Thursday Twofer: Tokyo and Beirut

Good morning fellow ECAHF’ers.  America was already at war with the Empire of Japan and it took four months to plan and execute the Pearl Harbor “revenge attack”, an audacious, risky, and uniquely American “suicide mission” requiring only volunteers (of which there were none lacking), all of whom wanted to—and believed, as most young people do who believe they are invulnerable, they would—come back to their loved ones.  On April 18, 1942, according to, “16 American B-25 bombers, launched from the aircraft carrier USS Hornet 650 miles east of Japan and commanded by Lieutenant Colonel James H. Doolittle, attacked the Japanese mainland.

“The now-famous Tokyo Raid did little real damage to Japan (wartime Premier Hideki Tojo was inspecting military bases during the raid; one B-25 came so close, Tojo could see the pilot, though the American bomber never fired a shot)—but it did hurt the Japanese government’s prestige. Believing the air raid had been launched from Midway Island, approval was given to Admiral Isoroku Yamamoto’s plans for an attack on Midway—which would also damage Japanese “prestige.” Doolittle eventually received the Medal of Honor.

One of the raiders launching from the USS Hornet. Photo courtesy of Wikipedia.

According to Wikipedia, “Following the Doolittle Raid, most of the B-25 crews who had reached China eventually achieved safety with the help of Chinese civilians and soldiers. Of the 16 planes and 80 airmen who participated in the raid, all either crash-landed, were ditched, or crashed after their crews bailed out, with the single exception of Capt. York and his crew, who landed in the Soviet Union. Despite the loss of these 15 aircraft, 69 airmen escaped capture or death, with only three killed in action. The people who helped them paid dearly for sheltering the Americans. Most of them were tortured and executed for giving aid. During the search an estimated 250,000 Chinese lives were taken by the Japanese Imperial Army. Eight Raiders were captured, but their fate was not fully known until 1946.  Some of the men who crashed were aided by Patrick Cleary, the Irish Bishop of Nancheng. Japanese troops retaliated by burning down the city.

“The crews of two aircraft (10 men in total) were unaccounted for: those of 1st Lt. Dean E. Hallmark (sixth aircraft off) and 1st Lt. William G. Farrow (last aircraft off). On 15 August 1942, the United States learned from the Swiss Consulate General in Shanghai that eight of the missing crew members were prisoners of the Japanese at the city's police headquarters. Two of the missing crewmen, bombardier SSgt. William J. Dieter and flight engineer Sgt. Donald E. Fitzmaurice of Hallmark's crew, were found to have drowned when their B-25 crashed into the sea. Both of their remains were recovered after the war and were buried with military honors at Golden Gate National Cemetery.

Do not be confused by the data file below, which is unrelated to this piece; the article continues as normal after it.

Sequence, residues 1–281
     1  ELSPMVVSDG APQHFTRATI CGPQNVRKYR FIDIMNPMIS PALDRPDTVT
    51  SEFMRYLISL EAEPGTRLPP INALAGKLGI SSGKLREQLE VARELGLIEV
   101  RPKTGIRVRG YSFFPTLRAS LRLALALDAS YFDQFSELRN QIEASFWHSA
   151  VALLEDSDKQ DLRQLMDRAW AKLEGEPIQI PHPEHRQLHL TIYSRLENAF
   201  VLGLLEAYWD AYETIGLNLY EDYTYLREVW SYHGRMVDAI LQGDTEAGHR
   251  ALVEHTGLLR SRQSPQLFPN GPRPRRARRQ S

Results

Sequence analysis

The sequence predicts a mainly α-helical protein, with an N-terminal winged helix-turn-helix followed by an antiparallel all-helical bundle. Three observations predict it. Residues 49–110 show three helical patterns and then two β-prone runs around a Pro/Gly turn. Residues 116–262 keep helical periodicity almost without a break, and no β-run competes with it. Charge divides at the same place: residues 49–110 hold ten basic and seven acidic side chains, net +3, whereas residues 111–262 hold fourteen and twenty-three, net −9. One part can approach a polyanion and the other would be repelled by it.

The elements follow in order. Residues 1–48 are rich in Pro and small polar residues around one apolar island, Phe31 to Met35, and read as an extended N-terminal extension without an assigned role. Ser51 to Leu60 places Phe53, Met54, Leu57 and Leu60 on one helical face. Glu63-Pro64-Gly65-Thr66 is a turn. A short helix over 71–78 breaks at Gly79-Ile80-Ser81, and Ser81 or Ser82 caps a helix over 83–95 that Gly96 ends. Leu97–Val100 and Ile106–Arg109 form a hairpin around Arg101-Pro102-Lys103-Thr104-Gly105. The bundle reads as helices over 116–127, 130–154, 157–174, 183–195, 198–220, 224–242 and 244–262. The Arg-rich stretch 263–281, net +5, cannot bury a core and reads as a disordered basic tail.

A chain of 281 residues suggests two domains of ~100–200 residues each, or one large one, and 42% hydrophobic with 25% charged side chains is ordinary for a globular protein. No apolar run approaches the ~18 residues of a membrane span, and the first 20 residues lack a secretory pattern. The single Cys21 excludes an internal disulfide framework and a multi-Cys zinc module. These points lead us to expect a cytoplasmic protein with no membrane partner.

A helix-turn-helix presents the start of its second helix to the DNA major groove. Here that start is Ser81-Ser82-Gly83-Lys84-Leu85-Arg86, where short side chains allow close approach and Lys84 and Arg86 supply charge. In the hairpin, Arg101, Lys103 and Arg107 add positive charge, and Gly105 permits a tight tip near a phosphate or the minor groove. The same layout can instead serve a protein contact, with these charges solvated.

“The other eight were captured: 1st Lt. Dean E. Hallmark, 1st Lt. William G. Farrow, 1st Lt. Robert J. Meder, 1st Lt. Chase Nielsen, 1st Lt. Robert L. Hite, 2nd Lt. George Barr, Cpl. Harold A. Spatz, and Cpl. Jacob DeShazer. All eight captured in Jiangxi were tried and sentenced to death at a military trial in China, and then transported to Tokyo. There the Army Ministry reviewed their case, with five of the sentences being commuted and the other three being executed (presumably also in Tokyo or nearby).  Out of the 80 crewmen, 3 died, 8 were captured and 3 were killed in captivity by the Japanese.

“The surviving captured airmen remained in military confinement on a starvation diet, their health rapidly deteriorating. In April 1943, they were moved to Nanjing, where Meder died on 1 December 1943. The remaining men—Nielsen, Hite, Barr and DeShazer—eventually began receiving slightly better treatment and were given a copy of the Bible and a few other books. They were freed by American troops in August 1945. Four Japanese officers were tried for war crimes against the captured Doolittle Raiders, found guilty, and sentenced to hard labor, three for five years and one for nine years. Barr had been near death when liberated and remained behind in China recuperating until October, by which time he had begun to experience severe emotional problems. Untreated after transfer to Letterman Army Hospital and a military hospital in Clinton, Iowa, Barr became suicidal and was held virtually incommunicado until November, when Doolittle's personal intervention resulted in treatment that led to his recovery.  DeShazer graduated from Seattle Pacific University in 1948 and returned to Japan as a missionary, where he served for over 30 years.